I was driving home from the opening of Natalie Bookchin‘s amazing multi channel video installation, Now he’s out in public and everyone can see with fellow “video artists” Rachel Mayeri and Anne Bray and we were commenting on how hard it must be to make something that eloquent and prescient and beautiful—the result of two years of hard thinking and feverish work—and to live with the knowledge that the only people who will ever really see it are those lucky enough to walk through the doors of Hollywood’s LACE Gallery between the dates of March 8-April 15, 2012. Just look where YouTube has taken us to …
We want to believe that (like “video art” but so much more) all of our work can and should last forever, move where it must, and be seen by all who need it. This promise—that each and every one of our words, opinions, and voices will play a part of the cultural dialogue—is also (one of) the sad stories of Bookchin’s piece: a minimalist, refined statement upon the current and changing power of place and placenessless, circulation and stagnancy, video and sculpture, and voice and agency via YouTube. Eighteen monitors seem to float, hanging elegantly as they do from cables and hooks, suspended across a large blackened and muffled gallery in a dumbfounding materialization of circuitry, a compelling literalization of cyberspace, freeing visitors to walk into and through the multiple competing screens that usually sit so flat in front of us. While her other recent work (seen most recently at LACMA) begins to disperse one story across a sea of embodied voices—none of them her own, all of them eerily in synch, mouthing one way of being and knowing, even as each one of us retains our autonomy or not, lost as we are in a sea of undifferentiated testimony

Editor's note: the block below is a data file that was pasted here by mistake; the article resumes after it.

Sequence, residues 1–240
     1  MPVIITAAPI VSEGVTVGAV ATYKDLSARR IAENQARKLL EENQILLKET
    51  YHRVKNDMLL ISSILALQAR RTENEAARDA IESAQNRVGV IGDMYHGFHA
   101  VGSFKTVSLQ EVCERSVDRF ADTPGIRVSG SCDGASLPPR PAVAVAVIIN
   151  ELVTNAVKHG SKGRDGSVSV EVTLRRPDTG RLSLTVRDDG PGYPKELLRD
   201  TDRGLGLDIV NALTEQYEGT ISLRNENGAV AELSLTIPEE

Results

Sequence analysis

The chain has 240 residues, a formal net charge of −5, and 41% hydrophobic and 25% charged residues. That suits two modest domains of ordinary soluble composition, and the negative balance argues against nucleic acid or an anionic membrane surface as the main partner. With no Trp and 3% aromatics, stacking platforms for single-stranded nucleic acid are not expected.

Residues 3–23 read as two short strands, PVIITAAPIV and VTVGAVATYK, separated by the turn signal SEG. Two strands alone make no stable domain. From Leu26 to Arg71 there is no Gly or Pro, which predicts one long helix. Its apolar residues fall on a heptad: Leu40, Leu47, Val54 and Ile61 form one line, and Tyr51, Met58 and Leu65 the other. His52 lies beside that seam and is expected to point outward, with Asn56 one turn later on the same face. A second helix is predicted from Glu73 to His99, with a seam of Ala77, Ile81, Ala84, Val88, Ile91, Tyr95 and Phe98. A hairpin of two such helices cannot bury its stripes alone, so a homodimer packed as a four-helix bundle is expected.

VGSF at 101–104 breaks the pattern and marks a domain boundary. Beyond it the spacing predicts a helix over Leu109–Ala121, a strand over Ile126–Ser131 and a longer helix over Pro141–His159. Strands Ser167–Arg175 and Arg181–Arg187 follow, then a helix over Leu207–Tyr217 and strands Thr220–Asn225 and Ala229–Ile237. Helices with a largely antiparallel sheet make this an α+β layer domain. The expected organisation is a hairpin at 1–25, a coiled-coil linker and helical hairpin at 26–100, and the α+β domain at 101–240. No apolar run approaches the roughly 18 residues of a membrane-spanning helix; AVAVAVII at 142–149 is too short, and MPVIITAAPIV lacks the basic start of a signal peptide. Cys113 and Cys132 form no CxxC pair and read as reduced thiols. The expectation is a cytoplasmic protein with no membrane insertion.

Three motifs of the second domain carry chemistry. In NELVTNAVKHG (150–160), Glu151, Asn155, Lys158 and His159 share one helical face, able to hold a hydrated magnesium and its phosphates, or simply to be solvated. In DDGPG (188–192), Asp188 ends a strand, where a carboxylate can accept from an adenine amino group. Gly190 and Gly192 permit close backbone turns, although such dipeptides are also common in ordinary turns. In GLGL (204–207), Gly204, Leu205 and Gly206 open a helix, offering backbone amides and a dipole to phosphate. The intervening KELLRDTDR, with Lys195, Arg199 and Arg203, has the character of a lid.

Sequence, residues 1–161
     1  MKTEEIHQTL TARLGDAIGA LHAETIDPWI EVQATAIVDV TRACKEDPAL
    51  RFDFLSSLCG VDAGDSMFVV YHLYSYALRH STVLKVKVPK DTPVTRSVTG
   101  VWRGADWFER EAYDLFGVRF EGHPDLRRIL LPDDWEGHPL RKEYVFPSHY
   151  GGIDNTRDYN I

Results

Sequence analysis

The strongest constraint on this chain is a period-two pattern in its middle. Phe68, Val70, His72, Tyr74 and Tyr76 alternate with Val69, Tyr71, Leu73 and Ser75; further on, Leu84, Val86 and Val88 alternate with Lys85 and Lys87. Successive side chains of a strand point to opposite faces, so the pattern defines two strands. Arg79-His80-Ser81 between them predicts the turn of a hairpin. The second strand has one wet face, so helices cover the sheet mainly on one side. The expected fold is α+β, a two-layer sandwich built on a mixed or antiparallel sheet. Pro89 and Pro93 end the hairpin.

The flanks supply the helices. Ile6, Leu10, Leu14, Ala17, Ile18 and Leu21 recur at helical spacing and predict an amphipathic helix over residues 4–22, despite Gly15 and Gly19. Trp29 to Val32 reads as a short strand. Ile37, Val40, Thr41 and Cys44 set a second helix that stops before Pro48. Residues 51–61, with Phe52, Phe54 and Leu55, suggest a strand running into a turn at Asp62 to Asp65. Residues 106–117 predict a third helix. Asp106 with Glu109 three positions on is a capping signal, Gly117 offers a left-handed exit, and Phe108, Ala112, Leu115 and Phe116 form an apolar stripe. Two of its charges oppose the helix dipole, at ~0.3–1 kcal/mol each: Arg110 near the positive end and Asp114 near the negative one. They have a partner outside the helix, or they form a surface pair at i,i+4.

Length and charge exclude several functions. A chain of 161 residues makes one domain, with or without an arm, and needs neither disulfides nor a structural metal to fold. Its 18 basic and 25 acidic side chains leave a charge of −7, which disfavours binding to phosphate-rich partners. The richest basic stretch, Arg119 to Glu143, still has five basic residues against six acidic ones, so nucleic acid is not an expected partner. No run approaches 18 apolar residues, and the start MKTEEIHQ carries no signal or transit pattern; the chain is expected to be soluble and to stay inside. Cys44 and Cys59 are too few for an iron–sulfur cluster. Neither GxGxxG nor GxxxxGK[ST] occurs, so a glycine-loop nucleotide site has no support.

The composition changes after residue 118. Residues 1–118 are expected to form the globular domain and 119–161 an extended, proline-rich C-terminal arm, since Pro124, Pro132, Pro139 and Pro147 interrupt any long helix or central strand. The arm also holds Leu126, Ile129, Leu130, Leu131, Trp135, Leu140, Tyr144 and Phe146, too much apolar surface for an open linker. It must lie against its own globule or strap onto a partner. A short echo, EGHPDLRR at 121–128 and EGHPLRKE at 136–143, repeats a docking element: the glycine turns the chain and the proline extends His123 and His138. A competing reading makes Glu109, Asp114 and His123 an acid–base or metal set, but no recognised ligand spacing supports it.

the new project fractures and sprays these “scatter-shot online voices” across the room, forcing the viewer’s body (not the computer screen) to hold all this variation, and pain, anger, desire, and loneliness. By forcing the work to be and stay room-, place- and time-bound, known as it will be only in and through our bodies (and sometimes those bodies dancing together across the room), Bookchin reminds us that speaking into the void (and being saved by the Internet) is no replacement for the beauties of ineffable place.